Family businesses are full of competing interests. Parents who are also owners must make short-term financial decisions with an eye toward multigenerational survival. Siblings who are also coworkers must balance the frustrations of working together daily with the goal of positively interacting at Christmas, birthdays and other family events. These needs and challenges demand that a successful family business -- a closely held, multigenerational enterprise in which related parties enjoy working together -- learn the art of compromise.
The word compromise comes from the Latin "compromissum," originally meaning a mutual promise made by both sides in a dispute to abide by a referee's decision. It is a strong word, a word of honor, a word respecting a process and decision for the good of both parties. But, in society today, compromise has a mostly negative connotation, suggesting one party has either given up or given in. In my experience, however, compromise is usually the best way to go; the alternatives to compromise, such as a drawn-out fight or a prolonged stalemate for both sides, often create much more damage.
Think of the internecine legal battles of neighboring family farms or ranches. The real winners are not family members but attorneys and accountants who represent each side. The total amount of financial equity remaining after such a fight is much less than what a compromise between family members might have achieved. Consider the following threefold approach to achieving an acceptable compromise.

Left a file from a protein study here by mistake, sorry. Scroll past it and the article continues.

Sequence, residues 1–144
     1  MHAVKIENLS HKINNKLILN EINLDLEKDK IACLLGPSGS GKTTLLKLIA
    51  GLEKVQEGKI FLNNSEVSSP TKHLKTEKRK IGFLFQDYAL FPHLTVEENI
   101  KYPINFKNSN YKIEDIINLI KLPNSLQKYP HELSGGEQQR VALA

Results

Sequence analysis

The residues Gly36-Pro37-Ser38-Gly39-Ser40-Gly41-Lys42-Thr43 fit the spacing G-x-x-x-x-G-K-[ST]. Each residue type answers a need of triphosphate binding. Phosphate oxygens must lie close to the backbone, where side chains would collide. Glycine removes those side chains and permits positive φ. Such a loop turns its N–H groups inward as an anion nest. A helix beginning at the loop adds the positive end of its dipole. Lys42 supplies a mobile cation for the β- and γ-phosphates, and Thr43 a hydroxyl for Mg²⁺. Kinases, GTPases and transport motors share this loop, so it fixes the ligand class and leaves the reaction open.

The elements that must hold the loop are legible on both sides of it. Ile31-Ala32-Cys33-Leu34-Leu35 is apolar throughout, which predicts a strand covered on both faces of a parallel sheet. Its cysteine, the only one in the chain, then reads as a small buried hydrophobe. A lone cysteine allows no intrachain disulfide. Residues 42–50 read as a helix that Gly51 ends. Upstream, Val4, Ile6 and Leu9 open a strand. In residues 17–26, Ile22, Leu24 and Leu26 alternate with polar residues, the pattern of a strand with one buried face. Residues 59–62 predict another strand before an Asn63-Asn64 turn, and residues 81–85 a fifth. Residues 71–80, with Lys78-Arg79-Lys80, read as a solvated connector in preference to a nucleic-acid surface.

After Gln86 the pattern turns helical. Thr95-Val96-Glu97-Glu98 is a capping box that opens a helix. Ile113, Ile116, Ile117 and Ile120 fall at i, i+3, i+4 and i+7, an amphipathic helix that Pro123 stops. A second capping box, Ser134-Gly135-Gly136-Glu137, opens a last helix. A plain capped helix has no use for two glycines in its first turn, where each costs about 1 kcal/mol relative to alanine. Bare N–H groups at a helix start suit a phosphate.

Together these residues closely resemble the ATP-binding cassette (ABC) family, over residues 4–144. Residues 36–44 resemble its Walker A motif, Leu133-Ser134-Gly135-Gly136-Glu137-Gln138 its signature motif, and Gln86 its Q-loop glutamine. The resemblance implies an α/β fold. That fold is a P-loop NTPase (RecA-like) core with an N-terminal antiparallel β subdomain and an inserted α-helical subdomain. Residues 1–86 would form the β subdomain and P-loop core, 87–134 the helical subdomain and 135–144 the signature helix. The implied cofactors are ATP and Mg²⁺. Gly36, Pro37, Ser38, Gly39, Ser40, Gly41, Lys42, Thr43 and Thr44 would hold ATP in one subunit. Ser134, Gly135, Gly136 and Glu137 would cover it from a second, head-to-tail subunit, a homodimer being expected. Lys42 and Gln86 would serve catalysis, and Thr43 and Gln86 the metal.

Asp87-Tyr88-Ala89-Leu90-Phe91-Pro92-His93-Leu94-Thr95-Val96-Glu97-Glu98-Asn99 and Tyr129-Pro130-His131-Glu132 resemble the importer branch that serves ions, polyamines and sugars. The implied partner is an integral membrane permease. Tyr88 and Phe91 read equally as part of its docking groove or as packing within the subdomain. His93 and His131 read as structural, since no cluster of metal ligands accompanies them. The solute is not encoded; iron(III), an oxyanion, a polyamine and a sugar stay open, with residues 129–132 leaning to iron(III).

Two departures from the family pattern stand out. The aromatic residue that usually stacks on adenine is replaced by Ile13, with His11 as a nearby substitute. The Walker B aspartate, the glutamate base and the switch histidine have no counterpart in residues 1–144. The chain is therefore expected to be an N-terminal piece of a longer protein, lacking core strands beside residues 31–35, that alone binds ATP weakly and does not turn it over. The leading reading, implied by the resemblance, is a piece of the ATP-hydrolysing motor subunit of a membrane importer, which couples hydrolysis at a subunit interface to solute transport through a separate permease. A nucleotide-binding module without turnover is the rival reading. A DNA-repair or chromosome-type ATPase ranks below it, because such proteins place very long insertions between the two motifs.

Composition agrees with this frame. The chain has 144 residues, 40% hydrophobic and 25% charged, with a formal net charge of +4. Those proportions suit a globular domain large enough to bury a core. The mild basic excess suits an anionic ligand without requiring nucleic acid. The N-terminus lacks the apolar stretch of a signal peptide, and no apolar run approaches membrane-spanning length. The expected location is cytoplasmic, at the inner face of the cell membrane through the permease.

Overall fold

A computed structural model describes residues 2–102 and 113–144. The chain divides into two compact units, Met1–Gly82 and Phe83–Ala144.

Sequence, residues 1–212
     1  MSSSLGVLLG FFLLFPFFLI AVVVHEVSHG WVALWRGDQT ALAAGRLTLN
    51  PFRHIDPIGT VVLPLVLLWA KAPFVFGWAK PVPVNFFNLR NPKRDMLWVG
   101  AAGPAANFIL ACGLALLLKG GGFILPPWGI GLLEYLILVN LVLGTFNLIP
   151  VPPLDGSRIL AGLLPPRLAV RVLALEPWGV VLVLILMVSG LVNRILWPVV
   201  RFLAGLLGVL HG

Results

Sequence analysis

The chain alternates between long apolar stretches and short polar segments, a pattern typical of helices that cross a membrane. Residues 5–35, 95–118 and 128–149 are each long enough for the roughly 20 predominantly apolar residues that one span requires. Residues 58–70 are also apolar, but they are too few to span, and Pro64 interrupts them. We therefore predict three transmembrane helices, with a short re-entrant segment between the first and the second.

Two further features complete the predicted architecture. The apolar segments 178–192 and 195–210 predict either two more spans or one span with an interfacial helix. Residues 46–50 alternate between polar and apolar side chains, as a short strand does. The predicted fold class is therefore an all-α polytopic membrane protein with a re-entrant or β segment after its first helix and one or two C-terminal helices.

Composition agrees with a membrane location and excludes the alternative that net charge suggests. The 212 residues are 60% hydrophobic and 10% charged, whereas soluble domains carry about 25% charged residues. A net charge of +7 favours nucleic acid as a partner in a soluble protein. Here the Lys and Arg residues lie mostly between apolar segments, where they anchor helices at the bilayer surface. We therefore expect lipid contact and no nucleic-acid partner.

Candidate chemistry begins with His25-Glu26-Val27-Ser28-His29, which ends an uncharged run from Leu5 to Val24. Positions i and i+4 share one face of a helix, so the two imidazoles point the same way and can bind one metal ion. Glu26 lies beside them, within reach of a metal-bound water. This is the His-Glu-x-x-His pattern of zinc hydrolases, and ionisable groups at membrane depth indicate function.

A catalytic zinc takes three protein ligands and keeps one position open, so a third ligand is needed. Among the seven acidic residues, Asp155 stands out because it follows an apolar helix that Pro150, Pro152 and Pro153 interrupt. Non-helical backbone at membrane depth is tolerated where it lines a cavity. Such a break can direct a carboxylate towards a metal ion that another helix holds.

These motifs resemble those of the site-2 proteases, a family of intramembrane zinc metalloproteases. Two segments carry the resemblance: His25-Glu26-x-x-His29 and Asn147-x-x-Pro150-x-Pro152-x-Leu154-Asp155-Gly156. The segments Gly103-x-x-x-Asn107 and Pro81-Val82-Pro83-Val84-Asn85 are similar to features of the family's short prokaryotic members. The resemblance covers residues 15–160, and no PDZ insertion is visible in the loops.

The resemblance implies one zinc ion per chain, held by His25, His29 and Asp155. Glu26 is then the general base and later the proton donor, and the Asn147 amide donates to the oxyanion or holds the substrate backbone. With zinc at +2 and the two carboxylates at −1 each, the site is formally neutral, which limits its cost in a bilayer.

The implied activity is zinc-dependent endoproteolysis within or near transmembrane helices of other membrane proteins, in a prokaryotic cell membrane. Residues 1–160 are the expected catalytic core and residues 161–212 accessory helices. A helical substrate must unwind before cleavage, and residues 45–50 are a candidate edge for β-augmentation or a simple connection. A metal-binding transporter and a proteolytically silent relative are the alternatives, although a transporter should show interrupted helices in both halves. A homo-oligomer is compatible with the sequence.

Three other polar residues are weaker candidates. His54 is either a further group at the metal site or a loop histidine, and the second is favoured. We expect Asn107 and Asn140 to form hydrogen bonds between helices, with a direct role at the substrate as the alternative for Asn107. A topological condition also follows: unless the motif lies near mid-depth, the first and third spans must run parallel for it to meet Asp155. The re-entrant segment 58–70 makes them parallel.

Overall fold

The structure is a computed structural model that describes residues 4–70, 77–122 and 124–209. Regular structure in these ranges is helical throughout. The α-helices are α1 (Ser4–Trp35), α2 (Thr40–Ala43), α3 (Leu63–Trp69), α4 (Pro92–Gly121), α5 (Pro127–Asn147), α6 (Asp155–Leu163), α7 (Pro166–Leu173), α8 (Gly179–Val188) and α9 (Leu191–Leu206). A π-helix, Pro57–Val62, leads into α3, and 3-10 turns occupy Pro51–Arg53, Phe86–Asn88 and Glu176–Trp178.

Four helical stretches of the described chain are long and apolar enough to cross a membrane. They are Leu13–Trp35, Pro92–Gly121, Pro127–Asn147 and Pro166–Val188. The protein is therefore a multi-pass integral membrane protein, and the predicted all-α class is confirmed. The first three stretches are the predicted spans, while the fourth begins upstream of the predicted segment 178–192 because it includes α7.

SET THE RIGHT STANDARD
We are often frustrated in life because we can't get what we want. For example, you might want more financial resources for the part of the business you manage or better help at certain times of the year. You might want less involvement by your brother's spouse or more freedom to make major decisions in the business.
Instead of focusing on "what you want," it's more helpful to focus on "what you can live with." What is the minimum amount necessary to move forward on the particular issue you are frustrated with? You may not be able to avoid your sister-in-law's comments, but you might suggest a regular meeting so you have new boundaries around the interaction. You may not get all of the financial resources you want, but you can target those that have the highest potential return. Think about what you can accept rather than everything you might want.
HAVE A GOOD PROCESS
I've often found that the process by which an issue is decided is almost as important as the issue itself. For example, in dividing the assets of a farm corporation, it's important for all to understand the condition and appraisal value of the assets in the entity, and the common techniques for valuing minority owners' interests. People are also interested in each person's intentions for the assets being divided. In short, there is an education process that goes along with the specific solution being discussed. Take care to cultivate that process.
BE A GOOD LISTENER
Listening is perhaps the most powerful element of finding a compromise with family members. When people feel heard, they are more likely to consider alternatives to their initial ideas. And, when you go beyond simply restating what someone says to articulating how they feel (angry, disappointed, scared, etc.), you tap into a new source of energy to find solutions. Your odds of finding a compromise go way up.
Working with other people, especially relatives, always involves give-and-take. Finding compromises in your family business may not be easy, but your ability to do it well increases the chances that your relationships, and your business, will endure.
> Write Lance Woodbury at Family Business Matters, 2204 Lakeshore Dr., Suite 415, Birmingham, AL 35209, or email firstname.lastname@example.org.
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